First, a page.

Fatal Light Awareness Program's annual rescue of migratory birds includes 94 different species
Ruby-throated Hummingbirds, Canada Warblers, Indigo Buntings and Whip-poor-wills are among the species collected by Fatal Light Awareness Program (FLAP) volunteers and citizen scientists during patrols to rescue birds that collided with buildings around the GTA last year.
FLAP estimates that more than one million birds collide with buildings in the GTA every year, many of them at-risk species. The organization has been encouraging building owners and managers to reduce risks to migratory birds through a host of measures. The number collected by FLAP along Toronto’s skyline and beyond keep rising, surpassing 2,400 in 2016, compared to 1,800 in 2015.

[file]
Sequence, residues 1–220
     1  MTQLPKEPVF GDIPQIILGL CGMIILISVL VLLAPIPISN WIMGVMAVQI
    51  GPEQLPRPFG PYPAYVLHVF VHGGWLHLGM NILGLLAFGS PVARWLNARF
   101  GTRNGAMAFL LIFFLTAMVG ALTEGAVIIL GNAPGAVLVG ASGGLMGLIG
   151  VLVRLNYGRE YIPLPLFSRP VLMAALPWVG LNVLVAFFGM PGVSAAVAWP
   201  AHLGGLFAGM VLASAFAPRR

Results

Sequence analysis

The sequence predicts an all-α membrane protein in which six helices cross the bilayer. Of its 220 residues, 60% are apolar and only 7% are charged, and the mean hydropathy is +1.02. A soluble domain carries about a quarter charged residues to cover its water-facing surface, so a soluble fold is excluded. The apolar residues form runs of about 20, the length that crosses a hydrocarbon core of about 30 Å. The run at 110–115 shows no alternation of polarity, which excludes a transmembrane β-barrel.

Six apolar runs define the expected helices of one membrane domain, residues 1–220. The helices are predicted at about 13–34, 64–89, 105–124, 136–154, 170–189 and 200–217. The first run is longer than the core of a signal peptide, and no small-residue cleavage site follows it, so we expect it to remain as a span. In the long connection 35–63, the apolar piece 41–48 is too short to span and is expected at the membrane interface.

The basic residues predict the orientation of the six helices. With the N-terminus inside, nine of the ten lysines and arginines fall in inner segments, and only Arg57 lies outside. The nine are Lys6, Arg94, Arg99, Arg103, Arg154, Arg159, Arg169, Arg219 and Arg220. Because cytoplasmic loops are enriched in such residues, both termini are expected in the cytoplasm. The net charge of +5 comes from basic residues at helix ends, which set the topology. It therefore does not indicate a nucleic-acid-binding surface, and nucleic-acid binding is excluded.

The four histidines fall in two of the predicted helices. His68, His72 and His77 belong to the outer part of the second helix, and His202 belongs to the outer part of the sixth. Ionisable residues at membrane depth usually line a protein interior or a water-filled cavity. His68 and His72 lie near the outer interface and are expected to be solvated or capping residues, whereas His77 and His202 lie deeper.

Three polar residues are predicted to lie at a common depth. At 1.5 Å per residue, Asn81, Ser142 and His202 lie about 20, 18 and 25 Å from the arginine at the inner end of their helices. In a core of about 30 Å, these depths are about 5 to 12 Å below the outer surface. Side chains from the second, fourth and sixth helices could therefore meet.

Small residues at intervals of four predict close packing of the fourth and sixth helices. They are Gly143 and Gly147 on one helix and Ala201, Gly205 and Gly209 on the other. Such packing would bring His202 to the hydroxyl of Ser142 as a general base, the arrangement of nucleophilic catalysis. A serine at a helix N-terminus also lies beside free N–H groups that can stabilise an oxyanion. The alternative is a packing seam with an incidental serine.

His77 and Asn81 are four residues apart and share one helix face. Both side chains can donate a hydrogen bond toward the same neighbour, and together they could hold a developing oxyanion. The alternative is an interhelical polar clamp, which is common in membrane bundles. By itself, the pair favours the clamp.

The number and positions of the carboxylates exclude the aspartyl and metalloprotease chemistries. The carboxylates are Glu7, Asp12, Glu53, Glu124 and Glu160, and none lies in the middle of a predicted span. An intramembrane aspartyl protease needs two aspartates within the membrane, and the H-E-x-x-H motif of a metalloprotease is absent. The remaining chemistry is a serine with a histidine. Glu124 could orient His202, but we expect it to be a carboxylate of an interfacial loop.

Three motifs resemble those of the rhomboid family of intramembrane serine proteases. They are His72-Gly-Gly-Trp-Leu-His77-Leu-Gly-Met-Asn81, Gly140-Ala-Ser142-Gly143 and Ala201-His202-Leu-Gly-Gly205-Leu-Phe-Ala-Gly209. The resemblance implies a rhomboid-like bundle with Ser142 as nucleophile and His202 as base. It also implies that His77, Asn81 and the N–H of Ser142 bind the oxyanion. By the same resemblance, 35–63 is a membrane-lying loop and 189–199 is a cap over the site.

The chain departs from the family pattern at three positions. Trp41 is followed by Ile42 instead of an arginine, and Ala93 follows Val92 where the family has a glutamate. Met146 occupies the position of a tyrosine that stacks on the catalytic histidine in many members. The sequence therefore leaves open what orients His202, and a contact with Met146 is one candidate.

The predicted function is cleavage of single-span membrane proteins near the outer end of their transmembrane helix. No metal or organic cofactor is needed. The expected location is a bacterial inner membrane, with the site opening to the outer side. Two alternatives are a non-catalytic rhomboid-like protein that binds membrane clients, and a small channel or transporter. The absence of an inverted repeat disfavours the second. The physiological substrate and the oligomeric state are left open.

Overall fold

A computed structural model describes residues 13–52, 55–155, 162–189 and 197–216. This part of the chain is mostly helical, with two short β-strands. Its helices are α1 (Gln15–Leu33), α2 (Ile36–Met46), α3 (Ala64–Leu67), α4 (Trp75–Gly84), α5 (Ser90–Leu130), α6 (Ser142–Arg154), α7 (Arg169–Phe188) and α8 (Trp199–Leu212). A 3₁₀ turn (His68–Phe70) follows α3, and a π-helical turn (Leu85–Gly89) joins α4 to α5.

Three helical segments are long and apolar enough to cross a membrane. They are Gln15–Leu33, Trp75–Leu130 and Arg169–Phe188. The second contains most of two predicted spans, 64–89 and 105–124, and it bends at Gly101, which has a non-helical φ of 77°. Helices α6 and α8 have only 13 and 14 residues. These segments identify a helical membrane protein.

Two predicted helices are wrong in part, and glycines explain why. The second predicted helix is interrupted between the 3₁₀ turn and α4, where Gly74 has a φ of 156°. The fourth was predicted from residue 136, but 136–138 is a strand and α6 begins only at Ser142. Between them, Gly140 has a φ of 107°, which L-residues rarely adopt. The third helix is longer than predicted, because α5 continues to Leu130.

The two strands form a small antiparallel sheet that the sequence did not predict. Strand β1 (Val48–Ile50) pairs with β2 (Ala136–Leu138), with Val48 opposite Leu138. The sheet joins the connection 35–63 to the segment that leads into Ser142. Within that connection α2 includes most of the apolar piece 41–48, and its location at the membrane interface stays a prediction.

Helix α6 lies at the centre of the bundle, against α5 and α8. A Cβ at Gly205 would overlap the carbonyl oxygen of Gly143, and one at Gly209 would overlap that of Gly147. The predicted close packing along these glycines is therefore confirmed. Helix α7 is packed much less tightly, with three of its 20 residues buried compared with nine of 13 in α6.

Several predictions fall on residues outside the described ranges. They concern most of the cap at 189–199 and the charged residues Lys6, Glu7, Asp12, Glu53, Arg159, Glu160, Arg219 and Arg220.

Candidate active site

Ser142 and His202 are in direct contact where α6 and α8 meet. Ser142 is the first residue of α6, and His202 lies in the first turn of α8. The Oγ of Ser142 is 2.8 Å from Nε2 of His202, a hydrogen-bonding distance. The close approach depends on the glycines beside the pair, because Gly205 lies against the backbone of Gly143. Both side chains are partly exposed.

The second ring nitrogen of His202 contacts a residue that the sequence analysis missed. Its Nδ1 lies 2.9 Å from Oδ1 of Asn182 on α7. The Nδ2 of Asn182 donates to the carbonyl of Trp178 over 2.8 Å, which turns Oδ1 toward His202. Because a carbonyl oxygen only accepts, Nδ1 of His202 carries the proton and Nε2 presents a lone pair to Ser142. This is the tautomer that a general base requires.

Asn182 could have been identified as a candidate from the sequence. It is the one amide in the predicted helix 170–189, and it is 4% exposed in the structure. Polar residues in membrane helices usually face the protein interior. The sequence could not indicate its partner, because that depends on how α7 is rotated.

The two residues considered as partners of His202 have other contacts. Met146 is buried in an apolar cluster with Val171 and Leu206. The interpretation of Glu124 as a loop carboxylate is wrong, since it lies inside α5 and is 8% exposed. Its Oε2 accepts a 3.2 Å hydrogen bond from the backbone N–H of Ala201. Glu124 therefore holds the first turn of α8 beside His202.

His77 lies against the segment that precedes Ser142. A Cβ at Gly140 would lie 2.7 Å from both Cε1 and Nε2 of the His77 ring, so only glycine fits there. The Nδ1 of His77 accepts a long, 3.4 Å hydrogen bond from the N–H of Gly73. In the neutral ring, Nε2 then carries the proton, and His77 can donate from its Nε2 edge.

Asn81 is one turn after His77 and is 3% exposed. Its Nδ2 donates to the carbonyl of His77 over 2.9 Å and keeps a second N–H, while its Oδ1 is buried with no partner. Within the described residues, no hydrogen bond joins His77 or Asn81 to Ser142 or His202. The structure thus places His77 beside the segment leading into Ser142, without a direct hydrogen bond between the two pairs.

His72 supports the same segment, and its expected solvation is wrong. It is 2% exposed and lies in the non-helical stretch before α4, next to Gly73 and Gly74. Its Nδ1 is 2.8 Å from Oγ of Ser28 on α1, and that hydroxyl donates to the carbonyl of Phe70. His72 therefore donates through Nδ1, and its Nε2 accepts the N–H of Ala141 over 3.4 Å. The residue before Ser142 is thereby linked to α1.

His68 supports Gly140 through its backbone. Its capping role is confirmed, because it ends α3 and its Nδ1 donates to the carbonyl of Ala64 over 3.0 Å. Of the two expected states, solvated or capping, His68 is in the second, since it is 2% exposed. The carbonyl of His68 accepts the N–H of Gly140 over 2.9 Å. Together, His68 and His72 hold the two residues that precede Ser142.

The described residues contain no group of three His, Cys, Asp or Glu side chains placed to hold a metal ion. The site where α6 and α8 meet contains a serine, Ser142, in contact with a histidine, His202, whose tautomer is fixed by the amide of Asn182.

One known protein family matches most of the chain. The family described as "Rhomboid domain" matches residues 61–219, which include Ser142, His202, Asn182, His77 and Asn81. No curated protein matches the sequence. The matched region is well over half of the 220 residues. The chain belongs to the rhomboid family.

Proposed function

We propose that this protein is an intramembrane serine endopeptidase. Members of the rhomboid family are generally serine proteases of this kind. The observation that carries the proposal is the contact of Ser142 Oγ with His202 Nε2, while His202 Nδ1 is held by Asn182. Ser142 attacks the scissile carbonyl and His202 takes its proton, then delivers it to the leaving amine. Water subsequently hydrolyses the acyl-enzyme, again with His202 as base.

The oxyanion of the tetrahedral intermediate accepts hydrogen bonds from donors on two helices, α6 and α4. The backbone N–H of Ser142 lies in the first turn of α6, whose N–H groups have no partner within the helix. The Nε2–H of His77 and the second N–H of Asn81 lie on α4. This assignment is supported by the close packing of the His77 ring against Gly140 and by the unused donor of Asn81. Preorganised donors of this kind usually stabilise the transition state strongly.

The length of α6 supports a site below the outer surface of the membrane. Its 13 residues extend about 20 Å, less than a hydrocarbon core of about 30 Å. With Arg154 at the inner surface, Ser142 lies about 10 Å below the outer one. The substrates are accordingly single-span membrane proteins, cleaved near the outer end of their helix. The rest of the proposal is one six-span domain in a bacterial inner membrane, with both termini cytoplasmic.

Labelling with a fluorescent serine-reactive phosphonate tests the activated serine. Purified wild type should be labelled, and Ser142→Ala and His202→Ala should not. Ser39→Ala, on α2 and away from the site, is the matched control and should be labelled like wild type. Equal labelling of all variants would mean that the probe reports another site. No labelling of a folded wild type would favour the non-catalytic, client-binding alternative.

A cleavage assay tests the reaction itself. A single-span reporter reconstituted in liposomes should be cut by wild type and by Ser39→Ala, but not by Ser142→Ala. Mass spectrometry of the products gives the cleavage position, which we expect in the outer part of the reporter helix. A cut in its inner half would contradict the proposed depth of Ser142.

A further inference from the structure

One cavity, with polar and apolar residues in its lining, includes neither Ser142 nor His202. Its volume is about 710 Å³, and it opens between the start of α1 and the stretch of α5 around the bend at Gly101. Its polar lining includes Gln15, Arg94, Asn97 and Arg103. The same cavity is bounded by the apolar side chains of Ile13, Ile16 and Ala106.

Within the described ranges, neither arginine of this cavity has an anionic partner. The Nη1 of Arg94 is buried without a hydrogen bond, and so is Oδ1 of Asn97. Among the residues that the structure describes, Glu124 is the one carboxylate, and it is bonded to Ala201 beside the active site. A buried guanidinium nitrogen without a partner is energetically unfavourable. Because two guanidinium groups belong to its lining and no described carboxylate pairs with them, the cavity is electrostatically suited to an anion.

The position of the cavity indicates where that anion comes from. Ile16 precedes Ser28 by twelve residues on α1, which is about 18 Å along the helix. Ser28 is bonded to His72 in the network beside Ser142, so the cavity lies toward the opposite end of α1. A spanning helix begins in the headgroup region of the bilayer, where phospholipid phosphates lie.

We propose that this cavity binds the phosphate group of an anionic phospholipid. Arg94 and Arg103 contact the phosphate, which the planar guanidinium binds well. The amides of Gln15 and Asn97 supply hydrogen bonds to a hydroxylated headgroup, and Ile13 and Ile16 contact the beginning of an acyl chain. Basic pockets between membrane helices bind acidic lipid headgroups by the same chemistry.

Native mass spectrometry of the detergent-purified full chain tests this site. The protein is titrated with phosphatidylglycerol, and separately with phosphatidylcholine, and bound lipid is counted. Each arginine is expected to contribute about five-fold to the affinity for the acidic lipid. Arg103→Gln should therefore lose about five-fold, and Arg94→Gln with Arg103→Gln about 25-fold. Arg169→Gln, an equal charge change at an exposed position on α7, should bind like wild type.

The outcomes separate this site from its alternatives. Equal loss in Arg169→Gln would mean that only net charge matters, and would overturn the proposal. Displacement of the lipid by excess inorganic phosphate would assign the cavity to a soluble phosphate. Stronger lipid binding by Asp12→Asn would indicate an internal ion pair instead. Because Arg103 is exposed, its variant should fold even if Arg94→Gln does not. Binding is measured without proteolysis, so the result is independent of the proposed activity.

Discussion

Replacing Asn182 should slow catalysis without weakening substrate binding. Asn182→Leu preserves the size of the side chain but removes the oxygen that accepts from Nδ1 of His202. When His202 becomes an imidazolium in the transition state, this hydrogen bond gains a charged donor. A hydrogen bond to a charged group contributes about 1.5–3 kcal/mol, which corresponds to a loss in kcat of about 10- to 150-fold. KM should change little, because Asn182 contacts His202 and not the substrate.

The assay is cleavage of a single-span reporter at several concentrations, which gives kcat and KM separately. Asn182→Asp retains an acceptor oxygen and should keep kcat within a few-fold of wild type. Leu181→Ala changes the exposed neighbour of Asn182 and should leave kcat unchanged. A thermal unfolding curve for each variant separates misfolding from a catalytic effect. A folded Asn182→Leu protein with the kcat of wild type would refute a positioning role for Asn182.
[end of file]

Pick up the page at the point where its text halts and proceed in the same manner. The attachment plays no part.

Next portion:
Environment Canada ranks window collisions as the second highest direct human cause of bird deaths in Canada, with an estimated 16 million to 42 million birds dying annually in Canada.
To illustrate the threat posed to migratory birds by glass-clad buildings, FLAP’s display of casualties this year at the ROM April 21 featured something a little different – a glass structure. Birds do not see windows during the day. Lights left on in tall buildings at night present a danger to birds migrating at night.
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